Q: How to file a court hearing against a HOA for being arbitrary and not enforcing all rules consistently and fairly to all
In short we have a newly formed HOA of 3 years in an area that had a lease that was never enforced and now those same rules are the HOA rules and are only heavily enforced on a very small few. Refuse to address it and discuss it. Allow different rules and exceptions for certain members. Enforce a fee on one business but not others. Such as a nightly rental has a fee of $3000 a year but another nightly rental has $50 a year with no explanation why. Have denied or ignored multiple attempts for a meeting when requested. Rude board members that show personal conflict in their actions and decisions. Will not give a clear answer to any rhyme or reason as to any of their decisions when asked for an understanding as to how or why the decision was made. Allow certain lot owners to be in violation with no enforcing. Do nothing about non payment of dues. Did a vote and 4 people voted no ( only 4 voted period) All others were considered a yes. There is so much more and I am scared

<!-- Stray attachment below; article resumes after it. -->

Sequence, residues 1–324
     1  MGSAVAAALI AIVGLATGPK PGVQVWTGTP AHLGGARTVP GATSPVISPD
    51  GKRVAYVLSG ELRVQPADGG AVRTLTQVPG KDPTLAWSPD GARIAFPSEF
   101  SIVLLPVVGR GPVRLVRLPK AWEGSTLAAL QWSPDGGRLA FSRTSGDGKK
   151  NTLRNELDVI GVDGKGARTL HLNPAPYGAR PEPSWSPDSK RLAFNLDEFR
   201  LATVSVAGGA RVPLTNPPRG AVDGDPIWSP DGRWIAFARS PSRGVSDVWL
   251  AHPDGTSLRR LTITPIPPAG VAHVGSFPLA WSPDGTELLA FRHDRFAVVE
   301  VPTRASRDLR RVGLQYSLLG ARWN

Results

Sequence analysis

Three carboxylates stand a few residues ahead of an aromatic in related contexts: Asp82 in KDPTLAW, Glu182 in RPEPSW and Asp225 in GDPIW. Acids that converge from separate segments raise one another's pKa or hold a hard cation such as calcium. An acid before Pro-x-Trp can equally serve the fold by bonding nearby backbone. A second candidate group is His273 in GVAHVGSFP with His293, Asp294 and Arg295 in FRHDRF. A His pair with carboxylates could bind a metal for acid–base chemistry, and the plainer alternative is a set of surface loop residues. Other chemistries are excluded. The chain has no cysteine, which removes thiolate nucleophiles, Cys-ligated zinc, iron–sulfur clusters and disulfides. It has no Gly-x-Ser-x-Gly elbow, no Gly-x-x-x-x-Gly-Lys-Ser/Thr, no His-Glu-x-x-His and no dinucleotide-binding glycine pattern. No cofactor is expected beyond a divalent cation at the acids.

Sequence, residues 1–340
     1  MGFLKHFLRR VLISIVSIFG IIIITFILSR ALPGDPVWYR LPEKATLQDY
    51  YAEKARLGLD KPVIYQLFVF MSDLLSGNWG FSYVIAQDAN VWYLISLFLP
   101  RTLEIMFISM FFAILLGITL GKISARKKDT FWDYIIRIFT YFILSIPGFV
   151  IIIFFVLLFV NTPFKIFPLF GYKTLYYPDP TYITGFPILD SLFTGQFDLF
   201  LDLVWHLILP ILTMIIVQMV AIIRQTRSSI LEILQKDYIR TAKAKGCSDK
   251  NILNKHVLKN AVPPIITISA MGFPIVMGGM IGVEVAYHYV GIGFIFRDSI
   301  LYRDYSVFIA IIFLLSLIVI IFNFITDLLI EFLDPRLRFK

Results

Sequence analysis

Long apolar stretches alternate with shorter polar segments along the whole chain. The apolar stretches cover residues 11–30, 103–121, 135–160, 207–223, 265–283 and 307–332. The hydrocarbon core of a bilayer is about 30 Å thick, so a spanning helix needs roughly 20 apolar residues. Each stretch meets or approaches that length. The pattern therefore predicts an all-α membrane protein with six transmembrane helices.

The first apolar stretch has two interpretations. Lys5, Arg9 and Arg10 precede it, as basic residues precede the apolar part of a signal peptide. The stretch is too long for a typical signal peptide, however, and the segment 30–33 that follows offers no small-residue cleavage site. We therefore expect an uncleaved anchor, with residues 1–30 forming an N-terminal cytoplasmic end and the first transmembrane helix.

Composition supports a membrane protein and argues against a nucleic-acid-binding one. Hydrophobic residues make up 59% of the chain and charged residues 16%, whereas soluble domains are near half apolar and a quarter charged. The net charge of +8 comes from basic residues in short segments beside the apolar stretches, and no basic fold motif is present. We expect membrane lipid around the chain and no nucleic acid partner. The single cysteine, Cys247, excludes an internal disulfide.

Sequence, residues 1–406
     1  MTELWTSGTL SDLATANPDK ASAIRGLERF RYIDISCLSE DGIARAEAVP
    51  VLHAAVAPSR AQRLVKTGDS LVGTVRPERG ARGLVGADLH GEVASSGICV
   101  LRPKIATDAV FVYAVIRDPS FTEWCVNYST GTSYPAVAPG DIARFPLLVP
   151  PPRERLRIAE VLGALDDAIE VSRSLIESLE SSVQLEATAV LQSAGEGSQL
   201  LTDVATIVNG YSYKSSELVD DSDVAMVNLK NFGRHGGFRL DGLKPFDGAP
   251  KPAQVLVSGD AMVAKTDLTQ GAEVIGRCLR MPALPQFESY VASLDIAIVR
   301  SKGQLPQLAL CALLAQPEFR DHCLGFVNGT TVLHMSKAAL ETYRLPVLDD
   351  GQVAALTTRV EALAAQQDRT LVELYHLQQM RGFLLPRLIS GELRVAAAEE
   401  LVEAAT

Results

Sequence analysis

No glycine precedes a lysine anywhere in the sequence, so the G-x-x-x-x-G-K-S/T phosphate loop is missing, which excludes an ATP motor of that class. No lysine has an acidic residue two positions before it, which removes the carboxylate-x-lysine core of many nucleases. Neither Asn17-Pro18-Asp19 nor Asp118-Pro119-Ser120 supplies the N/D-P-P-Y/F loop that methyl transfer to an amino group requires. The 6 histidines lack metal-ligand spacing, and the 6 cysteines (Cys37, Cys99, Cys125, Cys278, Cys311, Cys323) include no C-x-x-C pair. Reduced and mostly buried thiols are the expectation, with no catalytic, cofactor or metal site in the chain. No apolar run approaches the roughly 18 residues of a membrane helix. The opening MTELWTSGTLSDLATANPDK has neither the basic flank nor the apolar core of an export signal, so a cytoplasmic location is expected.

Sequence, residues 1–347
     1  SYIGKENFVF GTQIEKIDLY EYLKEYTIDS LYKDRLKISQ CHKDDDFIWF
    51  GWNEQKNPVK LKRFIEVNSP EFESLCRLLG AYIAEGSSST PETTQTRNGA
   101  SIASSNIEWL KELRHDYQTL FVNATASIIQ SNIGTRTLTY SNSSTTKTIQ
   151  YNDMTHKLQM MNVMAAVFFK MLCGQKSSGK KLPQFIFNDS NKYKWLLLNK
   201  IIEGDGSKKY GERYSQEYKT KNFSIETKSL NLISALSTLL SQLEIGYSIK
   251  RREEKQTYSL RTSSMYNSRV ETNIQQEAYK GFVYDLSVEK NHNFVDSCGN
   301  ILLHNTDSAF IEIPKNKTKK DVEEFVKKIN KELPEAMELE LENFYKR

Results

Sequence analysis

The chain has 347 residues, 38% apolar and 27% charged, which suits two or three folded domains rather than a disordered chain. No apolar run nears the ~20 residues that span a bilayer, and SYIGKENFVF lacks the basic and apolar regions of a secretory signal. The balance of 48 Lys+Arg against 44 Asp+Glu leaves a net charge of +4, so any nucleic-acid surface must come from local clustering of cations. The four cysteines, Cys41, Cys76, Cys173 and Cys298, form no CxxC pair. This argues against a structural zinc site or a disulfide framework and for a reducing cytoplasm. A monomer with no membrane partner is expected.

A: Many homeowner associations are incorporated. Look to their Articles of Incorporation and Bylaws to determine available procedures for voicing complaints. If you follow the proper "administrative" procedures and obtain no substantive review or response then you have a procedural cause of action that could be asserted in court (or arbitration or mediation, if the Bylaws direct members to those forums). Some "HOA's" represent "Common Interest Communities (CIC)" (e.g. condominiums, cooperatives, certain neighborhoods). Every CIC has a "Declaration" that tells members how to air grievances or issues. Look through the papers you received when you purchased the property to determine what form your HOA has taken and that should lead you to the instructive Bylaws, Declaration or similar guidelines.
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